August 5, 2020

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Younger voters have a historically low turnout at the polls, but accurate reporting on elections, especially during a year of pandemic and protest, matters to your classmates, your district and even the election results.

Although your state’s primary might have already passed, multiple state primaries are scheduled throughout August and September ahead of the U.S. presidential election Nov. 3.

“It’s important to distinguish between what is an actual problem and things that people think are problems (at the polls), especially when you are reporting on voting and the things that you say will have an impact on whether or not people turn out,” said Jessica Huseman, who covers voting rights and election administration for ProPublica.

Huseman chatted with student journalists in Poynter’s College Media Project and MediaWise Voter Project Campus Correspondents about how to find and report stories during the 2020 election. These are her tips.

Student-centric coverage

Make the student angle the forefront of your election coverage. Ask candidates in local, state and national races how they plan to tackle higher education and student-related issues.

Also, request information on how your local campaign authorities are communicating with your university. Campaign authorities sometimes spread misinformation out of misunderstanding or even malice, Huseman said. The Student Press Law Center has a letter generator for each state you can use to file public records requests.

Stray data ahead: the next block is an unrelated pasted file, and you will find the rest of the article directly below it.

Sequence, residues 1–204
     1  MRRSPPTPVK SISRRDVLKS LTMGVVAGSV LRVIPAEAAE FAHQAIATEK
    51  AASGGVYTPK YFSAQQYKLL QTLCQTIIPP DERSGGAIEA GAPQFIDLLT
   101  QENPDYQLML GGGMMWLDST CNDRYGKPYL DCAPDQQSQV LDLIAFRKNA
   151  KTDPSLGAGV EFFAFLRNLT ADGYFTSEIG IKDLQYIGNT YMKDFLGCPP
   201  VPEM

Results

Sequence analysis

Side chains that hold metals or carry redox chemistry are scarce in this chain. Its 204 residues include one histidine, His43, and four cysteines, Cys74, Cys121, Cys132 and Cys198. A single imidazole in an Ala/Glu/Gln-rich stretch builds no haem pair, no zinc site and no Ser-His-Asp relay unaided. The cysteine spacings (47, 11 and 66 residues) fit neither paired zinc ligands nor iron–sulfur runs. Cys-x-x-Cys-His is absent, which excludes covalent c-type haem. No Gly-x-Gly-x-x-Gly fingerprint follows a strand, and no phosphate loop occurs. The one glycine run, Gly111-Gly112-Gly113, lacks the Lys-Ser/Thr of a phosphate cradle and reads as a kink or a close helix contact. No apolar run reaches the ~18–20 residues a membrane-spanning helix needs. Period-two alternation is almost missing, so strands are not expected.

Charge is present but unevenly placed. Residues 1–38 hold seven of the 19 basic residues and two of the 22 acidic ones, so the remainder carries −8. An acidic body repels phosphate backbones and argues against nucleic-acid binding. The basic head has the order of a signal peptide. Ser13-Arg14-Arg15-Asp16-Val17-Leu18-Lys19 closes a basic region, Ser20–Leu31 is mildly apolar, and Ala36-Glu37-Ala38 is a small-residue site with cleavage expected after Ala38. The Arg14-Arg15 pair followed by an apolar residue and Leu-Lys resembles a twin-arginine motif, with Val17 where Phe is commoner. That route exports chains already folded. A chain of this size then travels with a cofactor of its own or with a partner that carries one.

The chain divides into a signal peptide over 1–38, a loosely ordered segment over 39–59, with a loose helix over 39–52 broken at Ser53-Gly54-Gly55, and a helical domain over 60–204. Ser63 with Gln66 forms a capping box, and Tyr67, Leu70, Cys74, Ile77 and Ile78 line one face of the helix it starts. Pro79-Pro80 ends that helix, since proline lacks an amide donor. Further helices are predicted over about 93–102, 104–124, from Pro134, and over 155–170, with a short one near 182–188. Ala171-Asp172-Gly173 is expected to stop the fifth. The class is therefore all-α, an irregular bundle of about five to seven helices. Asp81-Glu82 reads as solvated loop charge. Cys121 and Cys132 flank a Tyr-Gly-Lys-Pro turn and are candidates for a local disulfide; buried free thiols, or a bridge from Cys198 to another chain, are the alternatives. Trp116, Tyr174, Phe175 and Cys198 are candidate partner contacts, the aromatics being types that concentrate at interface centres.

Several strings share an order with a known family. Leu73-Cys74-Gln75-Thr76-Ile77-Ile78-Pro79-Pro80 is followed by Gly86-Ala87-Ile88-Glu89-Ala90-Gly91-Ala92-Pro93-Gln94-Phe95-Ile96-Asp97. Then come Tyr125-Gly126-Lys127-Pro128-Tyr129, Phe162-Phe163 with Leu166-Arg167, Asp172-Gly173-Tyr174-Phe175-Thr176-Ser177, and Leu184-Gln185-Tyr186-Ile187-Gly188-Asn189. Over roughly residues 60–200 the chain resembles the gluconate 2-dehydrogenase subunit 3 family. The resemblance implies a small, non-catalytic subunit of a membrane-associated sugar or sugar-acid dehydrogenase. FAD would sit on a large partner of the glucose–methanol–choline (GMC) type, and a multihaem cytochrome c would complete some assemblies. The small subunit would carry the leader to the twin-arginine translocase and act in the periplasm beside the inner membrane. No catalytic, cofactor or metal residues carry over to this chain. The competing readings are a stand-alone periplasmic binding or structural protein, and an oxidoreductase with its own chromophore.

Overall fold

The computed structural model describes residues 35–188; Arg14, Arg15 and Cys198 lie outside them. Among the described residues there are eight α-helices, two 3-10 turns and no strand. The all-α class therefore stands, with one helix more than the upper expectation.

Here’s one story to get you started: Request information on how many polling locations are on your campus and whether those locations have changed over time.

“This is a very good low-hanging fruit story,” Huseman said. “There are a lot of counties that do not want there to be polling locations on college campuses, because they don’t want the campus to change the political sway of the county, which can happen.”

Campaign finances matter

State and federal laws mandate campaigns turn in finance forms that reveal their donors and how much money candidates raised. Student journalists can use these open records to understand how much of your university’s administrators or other important local figures may be getting involved in local and federal elections.

The Federal Election Commission keeps track of national candidates’ money. State and other local candidates should file their information with your county government or another local election authority.

Candidates also fill out forms that reveal where they were previously employed and how much they received financially from those organizations. You can use this public record, which is filed through your county clerk’s office or another election authority, to guide your reporting.

If your candidate worked for a nonprofit organization, you can check the organization’s 990 form to understand more thoroughly how much money the candidate earned. You can locate 990s through ProPublica’s Nonprofit Explorer or Guidestar.

Pandemic at the polls

The pandemic has had a cascading effect on the way elections are operating, Huseman said.

To start, fewer people are willing to go out to the polls.

“The pandemic has made elections an absolute mess because everyone is having to switch very quickly to vote by mail, which is not as easy as people think it is,” Huseman said.

The switch will require tractor trailers of supplies in cities across the country: more paper, more envelopes, more stamps. But can your city afford all these resources? Some states don’t provide voters with return stamps, adding a financial and logistical barrier.